BUSHWICK OPEN STUDIOS
September 21 & 22
199 Cook St., Brooklyn NY 11206
12-5pm

Meet Eyebeam’s 2019 Access Residents at Bushwick Open Studios! Eyebeam provides both space and support for a community of diverse, justice-driven artists. Current artists-in-residence are working on projects that use technology to challenge dominant notions of access.

Shannon Finnegan developed Alt-Text as Poetry, a workshop about describing images and making visual content accessible to people who are blind or have low vision. She has presented this workshop 18 times at NYC arts and culture institutions and continues to adjust and update the curriculum. She is currently also assembling a workbook version of the workshop in collaboration with disability justice advocate Bojana Coklyat.

Movers and Shakers (Glenn Cantave and Idris Brewster) are members of a coalition that executes direct action and advocacy campaigns for marginalized communities using virtual reality, augmented reality, and the creative arts. They have been focusing on public space and public schools to achieve their goals of telling the invisibilized histories of people of color. They recently received one of Verizon’s NYC Media Lab grants and Glenn gave an artist talk which was featured on TED’s homepage.

LaJuné McMillian is an artist and performer working at the intersection of creative technology and representation of Black existence. Their current project, The Black Movement Project, fulfills an urgent need for representation using 3D motion capture data from Black performers and Black character base models, currently underrepresented in available online databases. During her time at Eyebeam, she ran workshops with adults and high school students that introduced them to the DIY 3D community. This includes questioning who is making in the 3D space, how are they making, and who is left out of the community due to a lack of resources.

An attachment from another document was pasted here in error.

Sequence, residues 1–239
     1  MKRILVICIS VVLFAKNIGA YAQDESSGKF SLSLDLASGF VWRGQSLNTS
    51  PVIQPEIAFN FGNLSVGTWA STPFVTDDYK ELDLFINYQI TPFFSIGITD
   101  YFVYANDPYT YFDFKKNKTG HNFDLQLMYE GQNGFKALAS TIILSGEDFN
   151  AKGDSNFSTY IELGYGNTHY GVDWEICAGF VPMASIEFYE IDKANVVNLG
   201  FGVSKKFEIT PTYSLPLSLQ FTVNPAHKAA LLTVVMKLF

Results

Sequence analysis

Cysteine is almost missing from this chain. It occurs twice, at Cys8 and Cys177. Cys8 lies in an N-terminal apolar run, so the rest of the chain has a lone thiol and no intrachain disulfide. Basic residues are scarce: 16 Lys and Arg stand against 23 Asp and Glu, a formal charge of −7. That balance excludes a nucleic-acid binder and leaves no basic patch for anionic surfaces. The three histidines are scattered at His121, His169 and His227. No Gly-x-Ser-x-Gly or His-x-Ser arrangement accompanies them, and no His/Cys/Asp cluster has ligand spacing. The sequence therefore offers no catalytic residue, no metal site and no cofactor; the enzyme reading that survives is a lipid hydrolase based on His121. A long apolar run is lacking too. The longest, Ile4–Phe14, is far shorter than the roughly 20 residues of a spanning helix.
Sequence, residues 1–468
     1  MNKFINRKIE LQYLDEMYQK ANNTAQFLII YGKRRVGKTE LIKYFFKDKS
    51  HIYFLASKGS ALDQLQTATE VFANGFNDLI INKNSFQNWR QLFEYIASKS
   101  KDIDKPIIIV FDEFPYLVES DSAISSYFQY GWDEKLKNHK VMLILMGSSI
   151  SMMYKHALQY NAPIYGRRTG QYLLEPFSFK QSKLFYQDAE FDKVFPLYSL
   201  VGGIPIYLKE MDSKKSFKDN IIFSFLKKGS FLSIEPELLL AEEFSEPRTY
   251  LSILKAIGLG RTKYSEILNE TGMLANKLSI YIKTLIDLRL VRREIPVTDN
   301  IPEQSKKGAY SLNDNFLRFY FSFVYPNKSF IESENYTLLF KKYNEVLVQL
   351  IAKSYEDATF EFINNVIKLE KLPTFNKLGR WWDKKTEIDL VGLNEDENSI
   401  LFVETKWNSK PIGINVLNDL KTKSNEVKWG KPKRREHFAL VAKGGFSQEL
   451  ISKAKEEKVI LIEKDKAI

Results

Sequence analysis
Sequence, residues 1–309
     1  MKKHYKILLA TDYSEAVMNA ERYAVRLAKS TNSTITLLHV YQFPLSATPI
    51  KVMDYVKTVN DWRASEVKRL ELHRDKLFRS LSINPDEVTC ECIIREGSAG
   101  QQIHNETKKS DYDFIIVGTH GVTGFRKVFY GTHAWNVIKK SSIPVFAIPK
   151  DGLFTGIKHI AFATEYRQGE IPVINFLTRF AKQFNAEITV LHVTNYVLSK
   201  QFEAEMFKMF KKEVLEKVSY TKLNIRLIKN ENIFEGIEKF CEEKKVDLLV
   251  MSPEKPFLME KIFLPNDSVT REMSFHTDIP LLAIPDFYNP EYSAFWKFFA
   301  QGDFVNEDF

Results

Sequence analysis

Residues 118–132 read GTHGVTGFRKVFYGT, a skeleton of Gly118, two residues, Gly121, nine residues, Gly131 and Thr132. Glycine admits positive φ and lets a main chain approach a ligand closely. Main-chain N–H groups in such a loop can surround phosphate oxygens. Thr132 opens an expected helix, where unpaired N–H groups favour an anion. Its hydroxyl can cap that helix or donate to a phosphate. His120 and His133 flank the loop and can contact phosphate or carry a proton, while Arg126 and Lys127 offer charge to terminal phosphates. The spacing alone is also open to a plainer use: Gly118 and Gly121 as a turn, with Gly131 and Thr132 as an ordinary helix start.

Yo-Yo Lin is a Taiwanese-American, chronically ill media artist who explores the possibilities of human connection in the context of emerging technologies. She is currently researching and developing methodologies in reclaiming and processing chronic health trauma. She aims to develop a digital and physical platform that serve as documentation and artistic evaluation of active survivors of chronic illnesses. This fall, she is hosting a four-session workshop at Movement Research focused on supporting chronically ill and disabled artists in creative movement practices inspired by her research at Eyebeam.

Learn more about Bushwick Open Studios.

ACCESS

The 199 Cook Street entrance is accessible via a wheelchair ramp. Restrooms on the first floor are wheelchair accessible and the second floor restrooms are wheelchair accessible via an elevator.

For questions regarding accessibility, please contact J. Soto prior to the event via email at [email protected] or call (347)-378- 9163 x 1006 (voice only). The nearest subway is the L-Morgan station. The L-Morgan station does not have an elevator. The next closest station is JM-Flushing, which does have an elevator. For information on accessible transit on the MTA visit this link.